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PERSONALS.

Mr John Anderson returned to Christ church from Wellington yesterday.

Among the passengers arriving from Wellington yesterday were Captain Douglas-Smith and Messrs C. McKirdy and F. J. Gunn.

Mrs G. Norton, of 64 Matlock Street, Woolston, has been notified that her son, Gunner W. J. Norton, is shortly returning to New Zealand. The Aeting-rritue Minister, Sir James Allen, passed through Christchurch on Saturday evening, on his way from Punedin to Wellington. Mr P. J. Carr, formerly of Sockburn ami now of Fendalton, was advised on Saturday that his second son, Sergeant IT. Melville Carr, has been awarded the Military Medal for gallantry. The Eev. R. S. Gray, of the Hanover Street (Du.iedin) Baptist Church, has been released from his church duties, in order that he may conduct a prohibition campaign throughout the Dominion. Captain Allan S. Muir, son of Mr L. Muir, editor of the "Poverty Bay Herald," has been appointed DeputyAssistant Quartermaster-General to the Headquarters Staff of the New Zealand Division.

The death occurred on Saturday of Mrs J. G. Ruddenklau, at the age of 90 years. Her v late husband, Mr John George Ruddenklau, arrived in New Zealand in 1856, and was Mayor of Christchurch in 1882 and ISS3. He died in December, 1891. Advice has been received by Mrs A. Ralph, of 90 Shirley Road, that, her voungest son, Rifleman C. J. Ralph (Jim), is returning home. Rifleman Ralph left with the 22nd Reinforcement, ami has been in hospital since July 23, 11)17, with trench fever.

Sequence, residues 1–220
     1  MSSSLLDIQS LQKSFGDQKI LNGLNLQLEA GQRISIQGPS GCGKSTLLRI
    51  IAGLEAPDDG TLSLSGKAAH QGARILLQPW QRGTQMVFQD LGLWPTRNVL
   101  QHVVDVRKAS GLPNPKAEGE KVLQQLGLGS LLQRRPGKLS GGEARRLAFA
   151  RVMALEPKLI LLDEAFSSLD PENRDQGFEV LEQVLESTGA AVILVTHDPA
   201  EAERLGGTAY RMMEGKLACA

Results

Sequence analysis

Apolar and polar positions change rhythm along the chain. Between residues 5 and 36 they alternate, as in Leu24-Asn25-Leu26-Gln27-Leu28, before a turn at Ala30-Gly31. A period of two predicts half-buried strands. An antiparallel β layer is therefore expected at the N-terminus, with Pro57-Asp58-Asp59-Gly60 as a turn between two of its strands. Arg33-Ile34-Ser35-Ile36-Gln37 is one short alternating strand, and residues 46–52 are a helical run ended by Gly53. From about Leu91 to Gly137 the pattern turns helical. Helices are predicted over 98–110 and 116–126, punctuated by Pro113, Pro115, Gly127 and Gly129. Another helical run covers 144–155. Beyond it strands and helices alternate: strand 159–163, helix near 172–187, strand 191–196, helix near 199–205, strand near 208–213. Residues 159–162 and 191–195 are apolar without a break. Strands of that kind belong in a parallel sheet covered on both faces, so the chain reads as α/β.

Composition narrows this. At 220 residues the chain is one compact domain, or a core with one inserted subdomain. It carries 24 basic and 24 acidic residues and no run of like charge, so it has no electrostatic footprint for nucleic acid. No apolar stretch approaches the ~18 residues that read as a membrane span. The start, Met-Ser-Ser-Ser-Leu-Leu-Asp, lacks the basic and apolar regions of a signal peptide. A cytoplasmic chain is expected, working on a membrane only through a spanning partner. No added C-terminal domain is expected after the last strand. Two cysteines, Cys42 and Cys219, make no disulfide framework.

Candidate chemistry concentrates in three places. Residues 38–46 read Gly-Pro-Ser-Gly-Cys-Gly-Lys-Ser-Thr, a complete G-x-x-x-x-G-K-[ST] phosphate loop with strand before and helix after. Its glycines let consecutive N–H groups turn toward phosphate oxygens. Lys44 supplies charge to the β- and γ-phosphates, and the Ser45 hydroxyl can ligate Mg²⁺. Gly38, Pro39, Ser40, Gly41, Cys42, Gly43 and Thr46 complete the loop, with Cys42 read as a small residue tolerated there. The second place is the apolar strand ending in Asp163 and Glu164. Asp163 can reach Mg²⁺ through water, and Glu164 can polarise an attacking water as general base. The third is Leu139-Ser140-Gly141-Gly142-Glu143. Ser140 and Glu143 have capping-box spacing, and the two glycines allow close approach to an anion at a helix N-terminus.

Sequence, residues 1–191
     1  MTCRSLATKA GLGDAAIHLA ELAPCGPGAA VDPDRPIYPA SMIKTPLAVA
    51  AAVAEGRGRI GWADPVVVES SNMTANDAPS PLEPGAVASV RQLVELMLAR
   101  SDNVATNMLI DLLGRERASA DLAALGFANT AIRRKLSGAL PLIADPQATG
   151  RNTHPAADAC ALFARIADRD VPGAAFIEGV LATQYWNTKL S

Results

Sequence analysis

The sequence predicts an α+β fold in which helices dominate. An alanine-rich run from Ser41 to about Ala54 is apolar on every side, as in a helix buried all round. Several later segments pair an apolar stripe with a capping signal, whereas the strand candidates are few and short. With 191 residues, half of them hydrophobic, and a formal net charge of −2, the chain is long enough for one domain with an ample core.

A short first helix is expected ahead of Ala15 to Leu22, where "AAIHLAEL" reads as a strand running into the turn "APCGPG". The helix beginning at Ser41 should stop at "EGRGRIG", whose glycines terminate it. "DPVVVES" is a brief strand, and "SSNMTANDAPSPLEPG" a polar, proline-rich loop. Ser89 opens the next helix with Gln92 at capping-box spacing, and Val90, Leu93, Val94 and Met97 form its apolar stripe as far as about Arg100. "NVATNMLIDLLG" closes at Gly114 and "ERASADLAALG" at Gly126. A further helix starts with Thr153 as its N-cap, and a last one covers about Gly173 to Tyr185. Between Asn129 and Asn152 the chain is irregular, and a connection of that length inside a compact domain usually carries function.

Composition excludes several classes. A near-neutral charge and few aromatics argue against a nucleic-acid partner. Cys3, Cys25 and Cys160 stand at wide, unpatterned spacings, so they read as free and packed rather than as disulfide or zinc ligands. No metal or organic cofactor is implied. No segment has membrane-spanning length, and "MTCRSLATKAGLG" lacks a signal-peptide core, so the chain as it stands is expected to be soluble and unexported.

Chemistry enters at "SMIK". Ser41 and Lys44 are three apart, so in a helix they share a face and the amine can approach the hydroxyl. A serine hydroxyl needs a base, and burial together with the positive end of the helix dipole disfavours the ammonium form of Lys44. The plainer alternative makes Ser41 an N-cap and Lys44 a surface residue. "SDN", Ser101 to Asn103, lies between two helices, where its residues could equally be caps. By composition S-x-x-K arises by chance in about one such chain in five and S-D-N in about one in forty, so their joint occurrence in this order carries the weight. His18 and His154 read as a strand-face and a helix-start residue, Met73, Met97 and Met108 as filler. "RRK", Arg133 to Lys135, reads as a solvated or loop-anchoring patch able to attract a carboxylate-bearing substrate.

A memorial service for the late Canon Pascoe was held at the Holy Trinity Church, Avonside, last night, the sermon being preached by Canon T. Hamilton, vicar of Fendalton and an old friend of the late Canon Pascoe. The preacher spoke in high terms of the life and character of the deceased. The Rev. C. G. Mutter and the Rev. 0. Fitzgerald assisted in the service.

Mrs TT. Simpson, of 14 Abberley Road, St. Albans, has received advice that her son, Private Charles Edward Simpson, has been awarded the Military Medal for gallantry. Private Simpson was one of the first to enlist in August, 1914. He joined the 12th (Nelson) Company, and took part in the fighting in Egypt, went through the campaign on Gallipoli, and has been on the Western front ever since. Private Simpson was born at View-Hill, North Canterbury, in 1893. At the time of enlisting he "was with the firm of Williams and Stephens, of this city. j A welcome-home social was tendered ! to Corporal Samuel Bray at the Weslevan Church, Grcenpark, on Thursday, j Corporal Bray left with the 7th Rein- ! forcement, and has seen a great deal of service on the Western front, being twice wounded. The second wound necessitated the amputation of the left arm above the elbow. At the social given him on Thursday the Rev. B. Metson assured the guest and his I parents of the great pleasure that they j felt on his return home. Other speeches of welcome were made by Messrs .1. Silvester, C. Wolfe, G. Whitelaw, and T. O. Morgan.